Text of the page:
The head of the Russian central bank signals the end of the interest rate cuts

Elvira Nabiullina at the Saint Petersburg Economic Forum

The president of the Russian central bank last announced a reduction in the key interest rate on July 22.

(Photo: Reuters)

Riga The Russian central bank is bracing itself against the recession with another key rate cut. It cut the key interest rate by 0.5 percentage points to 7.5 percent on Friday. It was the sixth downward move in monetary policy this year, but the smallest since the start of Russia’s war of aggression against the US Ukraine on February 24th.

The head of the central bank, Elwira Nabiullina, also signaled an imminent end to the interest rate cuts. “Most likely, the interest rate adjustment cycle is now coming to an end,” she said at a press conference in Moscow on Friday. From now on, they want to “maintain a neutral monetary policy course”. Inflation risks are currently increasing, “we now have less room to lower the key interest rate,” said Nabiullina. Before the start of the war, the key interest rate was still 9.5 percent.

On February 28, the central bank raised interest rates to 20 percent, held the level in March and started lowering in surprisingly large steps from April onwards. Since then, Nabiullina has been considered the most important woman in Putin’s war economy. Western experts also believe that without their resolute and professional management, Russia’s economy would suffer far more from the sanctions.

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Today’s decision did not surprise experts: Experts interviewed by the news agency Reuters had expected the cut, as did most of the experts interviewed by the news agency Bloomberg.


Also Tatha Ghose, currency analyst at the Commerzbank, had expected the step in advance. According to him, the institution is trying so that the declining inflation and to take into account the comparatively strong ruble exchange rate. In fact, the inflation rate went up Russia declined in the past few months, from almost 18 percent in April to around 14 percent now. “This shows that the monthly inflation rate still has room to go down,” said the analyst.

At the same time, however, there is a slowdown in the fall in consumer prices on a weekly basis and inflation expectations – a key factor for policymakers – are currently rising again after the government launched fiscal stimulus.

Central bank chief Nabiullina worried about high inflation expectations

This point also worries Nabiullina herself, as she said in a press conference after the meeting. “We are concerned about the fact that household inflation expectations are still high,” Nabiullina said. She also explained: “People prefer to save at the moment rather than consume”, and that there is “a high degree of uncertainty”.

In a statement, the central bank itself explained the decision as the further slowdown in annual inflation, which Russian monetary authorities attribute to both the influence of one-off effects and “subdued consumer demand”. At the same time, business activities developed better than assumed in July. However, the external environment for the Russian economy remains “challenging” and inflation expectations and corporate price expectations remain high.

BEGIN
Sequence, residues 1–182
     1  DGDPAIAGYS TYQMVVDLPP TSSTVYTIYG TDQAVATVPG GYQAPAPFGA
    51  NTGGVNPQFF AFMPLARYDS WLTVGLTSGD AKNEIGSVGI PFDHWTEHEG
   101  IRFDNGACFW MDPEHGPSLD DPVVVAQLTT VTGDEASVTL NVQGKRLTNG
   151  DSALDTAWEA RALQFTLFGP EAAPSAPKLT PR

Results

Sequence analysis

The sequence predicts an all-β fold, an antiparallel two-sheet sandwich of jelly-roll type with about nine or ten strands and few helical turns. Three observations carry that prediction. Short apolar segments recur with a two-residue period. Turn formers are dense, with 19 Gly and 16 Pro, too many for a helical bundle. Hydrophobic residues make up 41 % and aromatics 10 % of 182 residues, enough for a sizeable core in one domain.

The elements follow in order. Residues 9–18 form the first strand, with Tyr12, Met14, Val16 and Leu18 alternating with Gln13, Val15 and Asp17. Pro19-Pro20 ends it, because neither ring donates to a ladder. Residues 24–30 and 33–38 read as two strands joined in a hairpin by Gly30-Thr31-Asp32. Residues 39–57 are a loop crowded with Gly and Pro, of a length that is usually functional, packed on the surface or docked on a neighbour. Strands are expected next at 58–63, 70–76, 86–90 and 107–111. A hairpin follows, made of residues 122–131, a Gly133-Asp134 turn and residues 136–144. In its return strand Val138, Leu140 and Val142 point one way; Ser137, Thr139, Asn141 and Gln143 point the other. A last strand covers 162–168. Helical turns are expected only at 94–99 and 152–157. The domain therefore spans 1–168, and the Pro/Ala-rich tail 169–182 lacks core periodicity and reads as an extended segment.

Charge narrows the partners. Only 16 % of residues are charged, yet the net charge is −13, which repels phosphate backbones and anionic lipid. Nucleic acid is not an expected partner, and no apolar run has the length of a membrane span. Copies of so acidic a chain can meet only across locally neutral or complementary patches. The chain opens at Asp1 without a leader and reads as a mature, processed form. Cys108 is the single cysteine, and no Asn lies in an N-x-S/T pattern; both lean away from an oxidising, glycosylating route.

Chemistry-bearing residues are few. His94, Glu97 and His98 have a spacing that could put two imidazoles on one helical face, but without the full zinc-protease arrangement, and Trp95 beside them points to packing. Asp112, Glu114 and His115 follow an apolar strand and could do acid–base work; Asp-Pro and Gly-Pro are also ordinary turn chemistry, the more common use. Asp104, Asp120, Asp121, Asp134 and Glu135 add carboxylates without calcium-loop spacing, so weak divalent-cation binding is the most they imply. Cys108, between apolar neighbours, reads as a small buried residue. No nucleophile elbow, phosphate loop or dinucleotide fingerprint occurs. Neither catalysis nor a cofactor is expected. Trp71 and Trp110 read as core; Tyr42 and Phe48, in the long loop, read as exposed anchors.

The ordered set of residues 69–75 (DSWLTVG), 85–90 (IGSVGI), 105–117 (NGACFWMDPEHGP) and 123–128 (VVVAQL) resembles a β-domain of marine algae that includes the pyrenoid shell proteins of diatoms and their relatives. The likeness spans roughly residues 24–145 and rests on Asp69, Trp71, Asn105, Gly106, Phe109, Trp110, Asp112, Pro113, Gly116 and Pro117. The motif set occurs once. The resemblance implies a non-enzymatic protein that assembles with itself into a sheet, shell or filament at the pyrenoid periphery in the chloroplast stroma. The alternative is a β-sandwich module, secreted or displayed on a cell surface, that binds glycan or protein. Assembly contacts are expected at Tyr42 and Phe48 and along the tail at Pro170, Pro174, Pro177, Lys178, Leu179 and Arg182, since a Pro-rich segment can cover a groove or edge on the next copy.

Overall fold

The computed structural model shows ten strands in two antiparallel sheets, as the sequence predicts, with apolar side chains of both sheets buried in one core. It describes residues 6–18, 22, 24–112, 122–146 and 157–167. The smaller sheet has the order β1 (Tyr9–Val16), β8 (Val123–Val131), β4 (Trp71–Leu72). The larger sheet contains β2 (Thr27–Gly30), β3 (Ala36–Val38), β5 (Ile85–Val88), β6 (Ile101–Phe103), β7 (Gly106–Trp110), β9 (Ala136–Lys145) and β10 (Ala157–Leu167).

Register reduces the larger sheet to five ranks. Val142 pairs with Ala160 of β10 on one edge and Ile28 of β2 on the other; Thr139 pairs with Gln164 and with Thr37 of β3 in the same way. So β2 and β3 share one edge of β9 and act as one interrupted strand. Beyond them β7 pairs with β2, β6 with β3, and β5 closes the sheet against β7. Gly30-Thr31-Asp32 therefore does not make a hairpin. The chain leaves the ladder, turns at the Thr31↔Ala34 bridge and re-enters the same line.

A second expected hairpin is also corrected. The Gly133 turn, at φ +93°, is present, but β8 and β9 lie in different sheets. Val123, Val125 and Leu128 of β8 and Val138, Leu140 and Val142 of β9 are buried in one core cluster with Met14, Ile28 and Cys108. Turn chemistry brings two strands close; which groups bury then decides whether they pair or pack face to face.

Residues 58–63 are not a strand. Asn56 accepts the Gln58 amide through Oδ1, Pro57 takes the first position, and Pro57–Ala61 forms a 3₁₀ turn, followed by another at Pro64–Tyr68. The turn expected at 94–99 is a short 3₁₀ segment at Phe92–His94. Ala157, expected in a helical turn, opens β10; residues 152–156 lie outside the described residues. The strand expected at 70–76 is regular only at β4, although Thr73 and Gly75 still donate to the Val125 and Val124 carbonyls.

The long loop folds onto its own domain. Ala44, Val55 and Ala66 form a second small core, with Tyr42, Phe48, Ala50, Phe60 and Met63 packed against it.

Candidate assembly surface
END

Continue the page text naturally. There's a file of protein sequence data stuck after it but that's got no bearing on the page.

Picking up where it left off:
Meanwhile, the ruble is even stronger than before the attack on Ukraine, also due to significant restrictions imposed by Moscow on capital movements.

(Photo: IMAGO/Silas Stein)

At the same time, the currency watchdogs around central bank chief Elvira Nabiullina canceled their orientation line for further monetary policy developments – known in technical jargon as forward guidance.

>> Read here: Central Bank Governor Nabiullina – The woman who saved Russia from collapse

According to the central bank, Russia’s gross domestic product (GDP) will shrink this year. The minus will probably be in the upper part of a range of four to six percent. After the invasion of Ukraine and sanctions imposed by the West had the Russian economy experienced a steep downward slide in the spring. The gross domestic product (GDP) shrank by 4.0 percent in the months of April to June compared to the same period of the previous year.

With the downturn should according to the central bank in Moscow However, the strong upward pressure on prices will gradually subside: For this year, annual inflation of 11.0 to 13 percent is to be expected, which will fall to five to seven percent in 2023, the central bank experts predict. For 2024, the central bank is expected to reach its inflation target of four percent again. In August, the inflation rate was 14.3 percent.

CommerzbankAccording to analyst Ghose, the key interest rate for the Russian central bank is now primarily “important in terms of fighting inflation in the longer term.” support through this sanctions shock – instead of taking technical steps to counteract inflation.” The economy now needs low interest rates “to boost investments that will be necessary for import substitution in the next few years.”

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